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University students create 'twiddle mitts' for dementia patients

11-Mar-16
Article By: Ellie Spanswick, News Editor

Third year students at Bournemouth University (BU) have been making ‘twiddle mitts’ for patients living with dementia at The Royal Bournemouth and Christchurch Hospitals NHS Foundation Trust (RBCH).

The team of students includes: adult nurses, midwives, a mental health nurse and an occupational therapist. They are working on the ‘twiddle mitts’ as part of a study project to challenge students to make improvements to their local health service.

Bournemouth University students and their 'twiddle-mitts'

‘Twiddle mitts’ are knitted mittens or hand warmers with beats, buttons and other objects sewn on to them. The mitts are popular gifts for people living with dementia as they provide people with something to ‘twiddle’ to help calm agitation and restlessness, which are both common symptoms of the condition.

Student adult nurse, Michele Miles is taking part in the project, she said: “I found out about twiddle mitts by chance when my mum was knitting one. After doing my own research into them, I discovered how they can vastly improve the mood of people living with dementia, so I suggested we use them as the focus of our improvement project.”

RBCH dementia nurse specialist, Rachael Davies commented: “At our Trust we see many patients a year who are already living with dementia, but will come in for acute physical health problems. We aim to make their stay as comfortable as possible, especially as an unfamiliar hospital environment can worsen symptoms of anxiety.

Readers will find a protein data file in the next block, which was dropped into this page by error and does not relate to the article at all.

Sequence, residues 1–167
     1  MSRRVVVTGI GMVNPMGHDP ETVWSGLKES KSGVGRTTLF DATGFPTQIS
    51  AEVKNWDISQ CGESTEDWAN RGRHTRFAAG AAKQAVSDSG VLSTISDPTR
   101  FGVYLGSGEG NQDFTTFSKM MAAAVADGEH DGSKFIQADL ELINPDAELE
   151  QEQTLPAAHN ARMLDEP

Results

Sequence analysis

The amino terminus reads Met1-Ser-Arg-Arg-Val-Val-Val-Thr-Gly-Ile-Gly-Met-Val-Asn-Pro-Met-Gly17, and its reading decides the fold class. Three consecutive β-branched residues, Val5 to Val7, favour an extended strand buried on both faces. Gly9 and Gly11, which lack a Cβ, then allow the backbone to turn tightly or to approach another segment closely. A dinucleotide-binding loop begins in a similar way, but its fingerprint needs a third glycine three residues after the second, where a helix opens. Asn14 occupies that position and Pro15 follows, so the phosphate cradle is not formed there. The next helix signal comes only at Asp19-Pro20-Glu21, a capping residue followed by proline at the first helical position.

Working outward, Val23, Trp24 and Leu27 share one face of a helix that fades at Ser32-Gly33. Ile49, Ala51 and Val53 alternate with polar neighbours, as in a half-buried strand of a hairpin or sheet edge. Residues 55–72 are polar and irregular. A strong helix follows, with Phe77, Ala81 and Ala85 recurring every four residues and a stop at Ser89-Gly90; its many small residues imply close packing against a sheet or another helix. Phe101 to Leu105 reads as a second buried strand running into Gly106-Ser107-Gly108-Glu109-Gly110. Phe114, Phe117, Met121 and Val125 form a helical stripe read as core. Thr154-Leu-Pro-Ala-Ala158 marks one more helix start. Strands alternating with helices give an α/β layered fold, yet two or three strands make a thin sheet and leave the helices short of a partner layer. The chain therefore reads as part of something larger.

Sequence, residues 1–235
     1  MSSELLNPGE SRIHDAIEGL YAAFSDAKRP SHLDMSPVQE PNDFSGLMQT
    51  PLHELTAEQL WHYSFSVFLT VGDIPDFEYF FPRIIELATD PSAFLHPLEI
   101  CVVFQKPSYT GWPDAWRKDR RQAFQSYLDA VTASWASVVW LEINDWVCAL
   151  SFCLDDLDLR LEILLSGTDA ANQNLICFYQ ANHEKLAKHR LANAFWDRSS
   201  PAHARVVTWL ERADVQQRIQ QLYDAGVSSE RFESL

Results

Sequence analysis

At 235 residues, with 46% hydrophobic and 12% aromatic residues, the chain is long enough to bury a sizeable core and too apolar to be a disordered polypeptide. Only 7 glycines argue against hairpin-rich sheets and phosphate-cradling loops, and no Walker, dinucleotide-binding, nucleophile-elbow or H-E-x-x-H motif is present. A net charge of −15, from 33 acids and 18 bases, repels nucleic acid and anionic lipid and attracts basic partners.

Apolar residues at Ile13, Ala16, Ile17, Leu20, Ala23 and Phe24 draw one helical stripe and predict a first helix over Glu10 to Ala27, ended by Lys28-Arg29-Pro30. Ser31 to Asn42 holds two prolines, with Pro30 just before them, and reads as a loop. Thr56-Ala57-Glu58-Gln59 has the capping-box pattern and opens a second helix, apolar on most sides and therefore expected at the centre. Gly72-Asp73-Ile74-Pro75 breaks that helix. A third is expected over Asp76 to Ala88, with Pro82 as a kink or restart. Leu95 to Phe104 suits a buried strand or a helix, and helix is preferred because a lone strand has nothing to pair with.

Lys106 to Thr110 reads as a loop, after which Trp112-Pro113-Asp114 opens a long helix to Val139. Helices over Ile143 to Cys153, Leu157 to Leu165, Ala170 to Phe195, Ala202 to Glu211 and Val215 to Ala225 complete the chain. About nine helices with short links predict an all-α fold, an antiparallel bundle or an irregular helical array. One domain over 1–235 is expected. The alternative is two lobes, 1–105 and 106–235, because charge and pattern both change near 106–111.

“We were really excited to hear from Michele’s BU student group, as it’s been shown the twiddle mitts can really reduce stress levels for patients with cognitive difficulties. It’s also a fantastic way to support learning, work inter-professionally and pool resources for the benefit of our patients.”

Each patient that receives a twiddle mitt and can take it home with them after they leave hospital to prevent the risk of infection. This means the twiddle mitts are in constant demand, so both Bournemouth University and RBCH are encouraging knitters to pick up their needs to support the cause.

Rachael added: “Although the single use policy is partly owing to infection control policies, it also means our patients get to take twiddle mitts home and receive the benefits from them long after leaving our care. We urge people to get knitting and help us to make this project a sustainable success.”

Twiddle mitts can be dropped off at Bournemouth University’s Lansdowne Campus and placed in a designated box in Royal Bournemouth Hospital’s Atrium or posted through the letter box of Bournemouth Hospital’s charity office.

For a free knitting pattern, knitters can email: communications@rbch.nhs.uk or visit the RBCH Facebook page.

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